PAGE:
Microbiologists Richard Sparling and David Levin of the University of Manitoba have been using coffee cups as a source of biofuel. The cups are used to feed ethanol-producing bacteria with an efficient output of 1.3 litres of coffee cup biofuel, or ethanol, from about 100 Tim Hortons cups.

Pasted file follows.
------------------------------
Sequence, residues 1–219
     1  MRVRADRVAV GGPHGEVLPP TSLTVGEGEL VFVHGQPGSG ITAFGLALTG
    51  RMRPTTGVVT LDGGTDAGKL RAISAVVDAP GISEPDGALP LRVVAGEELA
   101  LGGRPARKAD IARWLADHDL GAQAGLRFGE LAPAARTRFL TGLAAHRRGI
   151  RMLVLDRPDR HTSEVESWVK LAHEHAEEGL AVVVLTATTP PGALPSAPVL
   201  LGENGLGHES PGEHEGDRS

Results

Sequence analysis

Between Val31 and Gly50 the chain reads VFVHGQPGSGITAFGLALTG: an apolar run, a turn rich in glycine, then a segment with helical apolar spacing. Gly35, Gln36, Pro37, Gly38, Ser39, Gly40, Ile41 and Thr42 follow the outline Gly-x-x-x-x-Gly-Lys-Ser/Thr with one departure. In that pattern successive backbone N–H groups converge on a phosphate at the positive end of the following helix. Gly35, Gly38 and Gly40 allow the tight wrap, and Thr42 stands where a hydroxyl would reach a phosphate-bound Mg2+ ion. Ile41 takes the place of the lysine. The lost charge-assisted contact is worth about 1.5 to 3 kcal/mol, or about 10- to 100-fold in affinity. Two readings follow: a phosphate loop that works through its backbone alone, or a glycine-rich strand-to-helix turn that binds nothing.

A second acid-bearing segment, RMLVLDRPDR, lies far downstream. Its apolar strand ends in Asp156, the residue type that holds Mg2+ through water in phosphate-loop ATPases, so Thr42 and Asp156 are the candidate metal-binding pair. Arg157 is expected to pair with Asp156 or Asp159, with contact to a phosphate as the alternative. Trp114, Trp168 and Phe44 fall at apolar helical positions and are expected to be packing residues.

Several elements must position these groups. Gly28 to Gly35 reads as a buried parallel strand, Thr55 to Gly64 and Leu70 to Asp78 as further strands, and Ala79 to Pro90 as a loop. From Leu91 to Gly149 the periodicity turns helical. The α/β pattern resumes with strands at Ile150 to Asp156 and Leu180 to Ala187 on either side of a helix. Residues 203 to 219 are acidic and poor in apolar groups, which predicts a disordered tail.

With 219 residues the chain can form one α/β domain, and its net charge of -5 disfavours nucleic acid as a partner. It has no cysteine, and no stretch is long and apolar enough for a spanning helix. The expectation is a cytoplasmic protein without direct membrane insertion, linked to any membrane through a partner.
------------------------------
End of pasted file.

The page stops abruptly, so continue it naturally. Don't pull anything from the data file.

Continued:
Traditionally, ethanol is extracted from food sources such as corn and wheat; however, this method is much more economical. Like most coffee drinkers, the bacteria show brand preference: Tim Hortons cups are preferred to Starbucks in the production of coffee cup biofuel.
Coffee Cup Biofuel
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